The question about Icarius has been treated in this fashion. The critics imagine he was a Lacedaemonian. They think it strange, therefore, that Telemachus should not have met him when he went to Lacedaemon. But the Cephallenian story may perhaps be the true one. They allege that Odysseus took a wife from among themselves, and that her father was Icadius, not Icarius. It is merely a mistake, then, that gives plausibility to the objection.
In general, the impossible must be justified by reference to artistic requirements, or to the higher reality, or to received opinion. With respect to the requirements of art, a probable impossibility is to be preferred to a thing improbable and yet possible. Again, it may be impossible that there should be men such as Zeuxis painted. 'Yes,' we say, 'but the impossible is the higher thing; for the ideal type must surpass the realty.' To justify the irrational, we appeal to what is commonly said to be. In addition to which, we urge that the irrational sometimes does not violate reason; just as 'it is probable that a thing may happen contrary to probability.'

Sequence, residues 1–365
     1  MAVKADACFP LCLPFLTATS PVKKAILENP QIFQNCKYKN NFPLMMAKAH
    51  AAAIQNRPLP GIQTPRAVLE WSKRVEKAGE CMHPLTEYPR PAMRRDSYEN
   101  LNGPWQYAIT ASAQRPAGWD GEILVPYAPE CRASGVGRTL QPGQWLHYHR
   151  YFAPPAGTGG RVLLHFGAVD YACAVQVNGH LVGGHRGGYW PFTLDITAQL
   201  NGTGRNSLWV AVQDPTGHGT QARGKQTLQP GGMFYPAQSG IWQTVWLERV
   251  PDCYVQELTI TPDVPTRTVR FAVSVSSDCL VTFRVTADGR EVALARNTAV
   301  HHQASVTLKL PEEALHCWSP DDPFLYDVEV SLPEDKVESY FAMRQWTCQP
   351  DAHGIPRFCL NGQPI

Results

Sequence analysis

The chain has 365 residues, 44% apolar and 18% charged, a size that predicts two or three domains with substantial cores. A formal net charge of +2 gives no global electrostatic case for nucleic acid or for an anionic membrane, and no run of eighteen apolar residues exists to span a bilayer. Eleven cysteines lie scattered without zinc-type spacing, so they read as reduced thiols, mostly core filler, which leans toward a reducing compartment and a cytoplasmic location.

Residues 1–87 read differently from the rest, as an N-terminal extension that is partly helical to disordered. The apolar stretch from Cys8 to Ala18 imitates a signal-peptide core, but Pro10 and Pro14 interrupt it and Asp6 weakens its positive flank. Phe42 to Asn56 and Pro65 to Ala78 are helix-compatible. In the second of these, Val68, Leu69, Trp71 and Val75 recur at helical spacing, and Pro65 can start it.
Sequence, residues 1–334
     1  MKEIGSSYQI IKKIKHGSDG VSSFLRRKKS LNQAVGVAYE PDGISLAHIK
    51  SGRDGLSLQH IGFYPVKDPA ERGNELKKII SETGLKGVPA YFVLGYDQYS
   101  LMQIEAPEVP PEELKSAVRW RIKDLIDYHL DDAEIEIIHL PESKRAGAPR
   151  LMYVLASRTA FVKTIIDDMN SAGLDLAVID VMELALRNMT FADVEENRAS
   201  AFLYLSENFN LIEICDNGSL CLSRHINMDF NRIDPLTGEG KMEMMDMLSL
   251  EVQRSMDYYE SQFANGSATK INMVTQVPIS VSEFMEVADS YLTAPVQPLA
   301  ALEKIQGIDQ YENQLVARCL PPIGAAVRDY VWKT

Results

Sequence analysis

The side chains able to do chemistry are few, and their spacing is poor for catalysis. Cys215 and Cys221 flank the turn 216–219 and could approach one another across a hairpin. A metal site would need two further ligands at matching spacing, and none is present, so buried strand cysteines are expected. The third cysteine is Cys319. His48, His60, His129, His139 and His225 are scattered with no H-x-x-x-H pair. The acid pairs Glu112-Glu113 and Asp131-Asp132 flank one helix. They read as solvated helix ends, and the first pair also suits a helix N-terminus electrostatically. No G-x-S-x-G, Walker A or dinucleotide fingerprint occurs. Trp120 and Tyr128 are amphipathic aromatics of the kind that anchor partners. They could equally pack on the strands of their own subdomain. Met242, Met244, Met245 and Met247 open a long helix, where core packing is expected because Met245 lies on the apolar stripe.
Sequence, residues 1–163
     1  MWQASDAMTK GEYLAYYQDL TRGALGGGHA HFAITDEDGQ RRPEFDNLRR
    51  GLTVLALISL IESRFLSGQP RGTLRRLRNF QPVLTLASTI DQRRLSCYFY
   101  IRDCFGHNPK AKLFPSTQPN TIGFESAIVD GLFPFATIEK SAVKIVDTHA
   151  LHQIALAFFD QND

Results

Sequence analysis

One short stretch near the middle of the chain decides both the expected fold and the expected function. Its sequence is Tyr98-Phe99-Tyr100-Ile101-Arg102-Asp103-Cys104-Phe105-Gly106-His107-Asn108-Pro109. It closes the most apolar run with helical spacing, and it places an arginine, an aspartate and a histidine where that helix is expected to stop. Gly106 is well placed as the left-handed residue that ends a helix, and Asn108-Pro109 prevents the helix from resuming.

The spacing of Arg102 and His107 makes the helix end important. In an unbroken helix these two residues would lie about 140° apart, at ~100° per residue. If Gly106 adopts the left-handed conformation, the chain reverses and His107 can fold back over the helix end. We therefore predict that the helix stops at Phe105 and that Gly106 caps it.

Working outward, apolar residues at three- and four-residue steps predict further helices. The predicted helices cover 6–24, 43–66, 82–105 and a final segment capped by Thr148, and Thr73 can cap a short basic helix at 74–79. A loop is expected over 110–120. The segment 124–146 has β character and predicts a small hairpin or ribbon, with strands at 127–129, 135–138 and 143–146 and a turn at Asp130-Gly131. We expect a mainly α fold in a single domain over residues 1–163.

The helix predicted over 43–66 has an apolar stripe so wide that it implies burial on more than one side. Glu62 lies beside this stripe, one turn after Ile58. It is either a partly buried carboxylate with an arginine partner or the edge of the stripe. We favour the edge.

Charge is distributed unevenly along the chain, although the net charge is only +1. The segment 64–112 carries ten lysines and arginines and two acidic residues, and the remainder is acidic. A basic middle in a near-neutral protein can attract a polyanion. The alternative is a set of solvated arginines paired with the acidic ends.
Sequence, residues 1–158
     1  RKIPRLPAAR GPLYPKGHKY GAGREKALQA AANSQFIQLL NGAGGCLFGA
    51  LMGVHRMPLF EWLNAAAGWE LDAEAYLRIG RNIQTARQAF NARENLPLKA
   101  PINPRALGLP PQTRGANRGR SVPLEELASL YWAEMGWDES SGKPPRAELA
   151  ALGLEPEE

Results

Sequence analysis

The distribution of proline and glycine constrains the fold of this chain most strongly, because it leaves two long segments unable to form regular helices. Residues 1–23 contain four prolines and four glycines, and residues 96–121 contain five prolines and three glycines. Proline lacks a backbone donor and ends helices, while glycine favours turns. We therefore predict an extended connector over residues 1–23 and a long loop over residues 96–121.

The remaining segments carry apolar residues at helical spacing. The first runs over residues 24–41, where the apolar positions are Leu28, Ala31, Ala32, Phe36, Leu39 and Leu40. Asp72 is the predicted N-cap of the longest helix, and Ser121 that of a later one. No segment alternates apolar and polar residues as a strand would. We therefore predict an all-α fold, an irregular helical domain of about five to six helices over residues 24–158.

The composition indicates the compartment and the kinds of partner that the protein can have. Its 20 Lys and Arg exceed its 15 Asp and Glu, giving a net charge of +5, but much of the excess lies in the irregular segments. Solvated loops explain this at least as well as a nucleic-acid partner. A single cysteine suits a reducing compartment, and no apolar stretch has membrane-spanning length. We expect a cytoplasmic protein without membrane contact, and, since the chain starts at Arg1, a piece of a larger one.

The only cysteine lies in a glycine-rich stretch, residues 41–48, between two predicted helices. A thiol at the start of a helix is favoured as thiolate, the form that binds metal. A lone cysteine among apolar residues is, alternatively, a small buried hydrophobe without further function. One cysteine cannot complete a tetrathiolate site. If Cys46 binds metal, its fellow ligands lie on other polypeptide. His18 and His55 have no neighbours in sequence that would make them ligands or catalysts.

Things that sound contradictory should be examined by the same rules as in dialectical refutation—whether the same thing is meant, in the same relation, and in the same sense. We should therefore solve the question by reference to what the poet says himself, or to what is tacitly assumed by a person of intelligence.
The element of the irrational, and, similarly, depravity of character, are justly censured when there is no inner necessity for introducing them. Such is the irrational element in the introduction of Aegeus by Euripides and the badness of Menelaus in the Orestes.
Thus, there are five sources from which critical objections are drawn. Things are censured either as impossible, or irrational, or morally hurtful, or contradictory, or contrary to artistic correctness. The answers should be sought under the twelve heads above mentioned.